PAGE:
Password managers are extremely convenient services that help with remembering the ridiculous number of passwords we have to deal with on a daily basis. However, what happens when the service itself is hacked and those passwords stolen? This very situation has happened to popular password manager LastPass, which is currently asking its users to change their master passwords.
LastPass CEO and co-founder Joe Siegrist posted on the company blog about the situation with the cyber-attack, although he does not sound too concerned with the stolen passwords. The LastPass system encrypts all stored information and strengthens it with a random salt and 100,000 rounds of server-side PBKDF2-SHA256. This, in theory, should prevent the stolen passwords from being decrypted and used; at least not in a time frame that would be useful to the attackers.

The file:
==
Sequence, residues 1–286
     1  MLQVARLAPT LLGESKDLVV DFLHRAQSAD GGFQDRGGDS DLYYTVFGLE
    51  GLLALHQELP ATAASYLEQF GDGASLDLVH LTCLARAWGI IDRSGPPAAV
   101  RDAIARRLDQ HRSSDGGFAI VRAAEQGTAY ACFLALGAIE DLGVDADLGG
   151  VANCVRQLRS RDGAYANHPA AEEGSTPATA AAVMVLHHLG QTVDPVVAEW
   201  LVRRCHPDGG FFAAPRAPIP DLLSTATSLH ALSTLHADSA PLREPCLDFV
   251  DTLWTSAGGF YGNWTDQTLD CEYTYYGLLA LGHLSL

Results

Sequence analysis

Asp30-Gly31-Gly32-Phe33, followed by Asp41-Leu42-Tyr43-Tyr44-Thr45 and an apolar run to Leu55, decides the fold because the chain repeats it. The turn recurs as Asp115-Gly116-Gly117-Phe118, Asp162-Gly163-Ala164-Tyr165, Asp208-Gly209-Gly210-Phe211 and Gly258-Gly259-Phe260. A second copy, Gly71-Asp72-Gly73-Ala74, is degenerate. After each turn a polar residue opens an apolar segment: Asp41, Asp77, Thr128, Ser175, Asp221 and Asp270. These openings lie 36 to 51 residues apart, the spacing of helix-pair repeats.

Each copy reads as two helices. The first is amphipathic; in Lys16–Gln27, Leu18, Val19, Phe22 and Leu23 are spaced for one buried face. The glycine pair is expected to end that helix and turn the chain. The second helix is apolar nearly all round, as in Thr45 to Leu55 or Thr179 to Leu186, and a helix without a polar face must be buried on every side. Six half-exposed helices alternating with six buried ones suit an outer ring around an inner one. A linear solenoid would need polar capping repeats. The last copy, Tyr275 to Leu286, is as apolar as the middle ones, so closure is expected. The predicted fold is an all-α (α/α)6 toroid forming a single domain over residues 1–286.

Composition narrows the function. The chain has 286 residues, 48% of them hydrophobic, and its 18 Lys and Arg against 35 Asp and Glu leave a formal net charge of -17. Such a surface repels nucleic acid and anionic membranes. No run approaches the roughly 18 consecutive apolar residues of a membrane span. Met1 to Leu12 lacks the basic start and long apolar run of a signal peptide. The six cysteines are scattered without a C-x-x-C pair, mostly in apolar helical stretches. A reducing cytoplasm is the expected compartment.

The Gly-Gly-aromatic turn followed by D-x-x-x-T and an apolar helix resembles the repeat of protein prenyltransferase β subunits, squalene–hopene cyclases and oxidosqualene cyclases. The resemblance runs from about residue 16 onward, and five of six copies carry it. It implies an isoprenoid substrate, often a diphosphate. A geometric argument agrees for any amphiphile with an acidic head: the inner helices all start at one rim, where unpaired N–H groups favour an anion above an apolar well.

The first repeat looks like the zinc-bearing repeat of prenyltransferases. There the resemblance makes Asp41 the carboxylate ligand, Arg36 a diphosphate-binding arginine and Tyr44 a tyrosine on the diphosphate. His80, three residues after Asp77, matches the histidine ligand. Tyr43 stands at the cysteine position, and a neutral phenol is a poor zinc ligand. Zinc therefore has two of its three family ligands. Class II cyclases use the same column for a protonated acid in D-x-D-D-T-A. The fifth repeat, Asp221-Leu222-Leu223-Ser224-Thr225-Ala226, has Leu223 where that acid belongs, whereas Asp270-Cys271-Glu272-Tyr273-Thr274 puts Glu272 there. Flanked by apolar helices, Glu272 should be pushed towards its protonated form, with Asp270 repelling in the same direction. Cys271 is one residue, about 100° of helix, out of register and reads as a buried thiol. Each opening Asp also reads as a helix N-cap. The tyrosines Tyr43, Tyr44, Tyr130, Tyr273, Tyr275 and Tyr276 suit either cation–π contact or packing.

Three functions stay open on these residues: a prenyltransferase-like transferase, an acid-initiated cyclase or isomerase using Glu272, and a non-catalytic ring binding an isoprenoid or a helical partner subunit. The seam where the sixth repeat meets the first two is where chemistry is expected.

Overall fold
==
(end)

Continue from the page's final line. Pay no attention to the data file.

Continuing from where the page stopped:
However, Siegrist has advised LastPass users to update and change their master passwords as a security measure – especially if that password has been used somewhere else. In addition to this, all users logging in from a new device must now verify their identity by email or multi-stage authentication.
LastPass is currently sending emails to all its users to remind them to change their master passwords. The company does not believe that the stored passwords should be changed because they were encrypted and are unlikely to be used by the attackers.